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Why You Need a Complementary Team of Different Skills When You Start a Company

This is a guest post by Bill Gross, an entrepreneur who has started over 100 companies & is the CEO of Idealab, one of the first technology incubators that creates and operates pioneering technology companies.

Idealab founder Bill Gross

 

I believe that every company needs a strong founding team to be successful, however, I feel that “strong” needs to be complemented by “different.”  If the senior team has the same views, or is too close to one another, I feel there will not be enough thoughtfulness on both strategy and execution towards success, especially when you first start a company.

Hiring people that have different skills and strengths than you (as a founder, CEO, or any member of a team) is very difficult, but important, to get multiple viewpoints.  The hard part is not getting people with differing viewpoints; it’s integrating those multiple viewpoints into better decisions.  Often times people with differing perspectives also have different styles and different approaches to things, and that can cause flare-ups and anger.  The way to have those different styles, viewpoints, and approaches lead to 1+1=3 is to build mutual trust and respect for the different and differing members of your team.  THAT is easier said than done, but THAT is when true greatness is achieved.

Mutual trust and respect cannot be dictated, but must instead be earned.  There are many ways to earn trust, but almost all of them take time, and take vulnerability.  It might even require coaching, to get people to a place where they can truly see and hear another’s point of view, and then see how that point of view can be mind-opening and expanding, rather than mind-closing and threatening.

In the past several decades I have started more than 100 companies, and more than 40 have had successful IPO’s and acquisitions, and 25 are thriving, but that means 35 have failed.  When I look back on the biggest distinguishing factor between success and failure, it was almost always a harmonious executive team, with broadly differing viewpoints and perspectives, but with a leader that was always able to get the best out of everyone – and not always please everyone – but always include everyone’s thinking in the major decisions and direction of the company.  I have seen this type of teamwork matter more than the idea, more than the timing, and even more than the capitalization of the company, and thus I believe it is one of the most, if not the most critical factors in success.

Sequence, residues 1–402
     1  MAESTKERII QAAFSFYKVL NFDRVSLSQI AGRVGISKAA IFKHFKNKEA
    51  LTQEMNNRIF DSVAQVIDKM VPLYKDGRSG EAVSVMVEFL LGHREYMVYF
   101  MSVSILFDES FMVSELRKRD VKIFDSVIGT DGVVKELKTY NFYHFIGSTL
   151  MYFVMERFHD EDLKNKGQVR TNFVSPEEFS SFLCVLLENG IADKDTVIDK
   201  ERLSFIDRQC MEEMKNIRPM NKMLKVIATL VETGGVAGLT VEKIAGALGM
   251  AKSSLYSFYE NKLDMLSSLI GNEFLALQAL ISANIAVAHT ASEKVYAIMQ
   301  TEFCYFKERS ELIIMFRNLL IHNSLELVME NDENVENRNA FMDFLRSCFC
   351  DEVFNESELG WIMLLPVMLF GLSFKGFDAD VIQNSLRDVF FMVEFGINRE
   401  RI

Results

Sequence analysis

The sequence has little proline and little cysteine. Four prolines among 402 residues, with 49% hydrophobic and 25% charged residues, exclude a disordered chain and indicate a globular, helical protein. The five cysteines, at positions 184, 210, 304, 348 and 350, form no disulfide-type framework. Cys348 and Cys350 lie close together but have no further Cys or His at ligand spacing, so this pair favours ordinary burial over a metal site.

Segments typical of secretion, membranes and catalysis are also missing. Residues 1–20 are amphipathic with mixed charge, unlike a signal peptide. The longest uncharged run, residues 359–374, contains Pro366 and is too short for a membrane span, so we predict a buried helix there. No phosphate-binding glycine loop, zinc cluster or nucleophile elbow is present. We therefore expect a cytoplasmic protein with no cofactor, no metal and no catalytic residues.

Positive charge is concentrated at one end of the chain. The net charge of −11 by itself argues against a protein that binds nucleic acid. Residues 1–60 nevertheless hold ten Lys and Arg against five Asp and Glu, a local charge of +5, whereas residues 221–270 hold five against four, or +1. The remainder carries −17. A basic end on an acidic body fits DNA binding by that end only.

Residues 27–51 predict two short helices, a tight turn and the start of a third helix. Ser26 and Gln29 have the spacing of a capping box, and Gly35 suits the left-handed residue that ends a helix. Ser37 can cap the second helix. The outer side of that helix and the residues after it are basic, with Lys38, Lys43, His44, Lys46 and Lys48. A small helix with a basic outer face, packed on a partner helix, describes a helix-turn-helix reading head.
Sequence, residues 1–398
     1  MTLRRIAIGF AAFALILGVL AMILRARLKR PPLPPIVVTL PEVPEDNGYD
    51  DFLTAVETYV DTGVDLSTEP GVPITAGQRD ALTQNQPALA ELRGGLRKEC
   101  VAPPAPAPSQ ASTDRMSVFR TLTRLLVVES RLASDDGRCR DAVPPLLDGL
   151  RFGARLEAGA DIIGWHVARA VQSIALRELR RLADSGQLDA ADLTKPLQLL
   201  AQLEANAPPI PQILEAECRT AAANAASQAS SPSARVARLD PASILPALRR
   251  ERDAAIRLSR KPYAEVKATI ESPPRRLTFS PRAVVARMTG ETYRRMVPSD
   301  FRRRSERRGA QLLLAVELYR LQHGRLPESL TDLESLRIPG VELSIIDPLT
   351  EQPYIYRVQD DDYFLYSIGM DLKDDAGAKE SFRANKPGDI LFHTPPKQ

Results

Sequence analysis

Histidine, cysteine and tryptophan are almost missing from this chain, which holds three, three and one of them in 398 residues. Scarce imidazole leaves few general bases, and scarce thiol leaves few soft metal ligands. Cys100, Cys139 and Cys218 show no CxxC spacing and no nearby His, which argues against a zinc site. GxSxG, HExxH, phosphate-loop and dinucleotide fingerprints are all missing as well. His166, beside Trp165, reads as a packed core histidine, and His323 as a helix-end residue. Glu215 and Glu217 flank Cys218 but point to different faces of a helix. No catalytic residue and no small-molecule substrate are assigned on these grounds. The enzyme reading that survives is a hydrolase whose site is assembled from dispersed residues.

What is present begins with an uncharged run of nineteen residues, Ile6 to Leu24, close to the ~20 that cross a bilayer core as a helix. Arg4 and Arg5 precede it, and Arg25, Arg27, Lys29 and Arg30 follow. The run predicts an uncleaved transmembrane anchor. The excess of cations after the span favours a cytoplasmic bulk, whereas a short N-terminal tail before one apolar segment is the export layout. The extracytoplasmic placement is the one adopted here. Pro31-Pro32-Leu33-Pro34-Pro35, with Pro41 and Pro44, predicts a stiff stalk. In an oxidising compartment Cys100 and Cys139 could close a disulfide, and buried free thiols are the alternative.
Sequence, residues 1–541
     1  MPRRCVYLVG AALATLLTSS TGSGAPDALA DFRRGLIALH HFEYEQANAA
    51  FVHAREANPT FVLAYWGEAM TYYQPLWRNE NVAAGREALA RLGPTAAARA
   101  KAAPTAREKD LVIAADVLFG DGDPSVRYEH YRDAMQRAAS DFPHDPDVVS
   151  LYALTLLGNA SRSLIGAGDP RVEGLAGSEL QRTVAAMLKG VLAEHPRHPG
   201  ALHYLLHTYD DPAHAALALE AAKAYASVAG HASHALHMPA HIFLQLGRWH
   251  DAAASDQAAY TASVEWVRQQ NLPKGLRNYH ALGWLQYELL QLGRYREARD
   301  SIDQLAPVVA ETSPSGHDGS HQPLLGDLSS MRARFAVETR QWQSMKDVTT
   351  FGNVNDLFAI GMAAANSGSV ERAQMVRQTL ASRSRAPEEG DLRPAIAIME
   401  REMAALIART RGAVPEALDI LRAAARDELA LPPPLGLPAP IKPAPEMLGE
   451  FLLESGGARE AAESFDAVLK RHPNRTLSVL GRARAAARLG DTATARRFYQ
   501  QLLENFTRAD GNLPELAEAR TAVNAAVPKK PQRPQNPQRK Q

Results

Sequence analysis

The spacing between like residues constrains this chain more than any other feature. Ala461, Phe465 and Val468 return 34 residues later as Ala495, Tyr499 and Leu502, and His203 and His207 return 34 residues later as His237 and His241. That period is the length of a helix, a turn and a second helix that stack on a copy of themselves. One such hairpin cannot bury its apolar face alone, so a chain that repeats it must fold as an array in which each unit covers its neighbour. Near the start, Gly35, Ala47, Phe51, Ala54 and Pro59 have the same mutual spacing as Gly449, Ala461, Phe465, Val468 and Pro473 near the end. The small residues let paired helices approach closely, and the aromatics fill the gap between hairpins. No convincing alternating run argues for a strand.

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  1. great article Bill. Below is an article that explores this topic using Social Network Analysis. The author concludes, much in agreement with you, that the most successful social networks are the ones that combine an ability to get things done, which, as you point out, requires high levels of trust, with enough variety of background and thought so as to get a continuous stream of new ideas. Hope you and your readers find this useful: http://www.philosophyib.com/3/wholebrain/what-type-of-innovation

  2. According to ‘Team of Rivals,’ Lincoln spent most of his time playing peacemaker. Maybe that’s what made him the leader he was, balancing personalities and getting his job done.

  3. It takes wisdom to know this is the right way to build a team. It also takes emotional intelligence and a lot of work because this approach isn’t easy and it often isn’t fun, either. That’s probably why we need reminders like this. Thanks, Bill!

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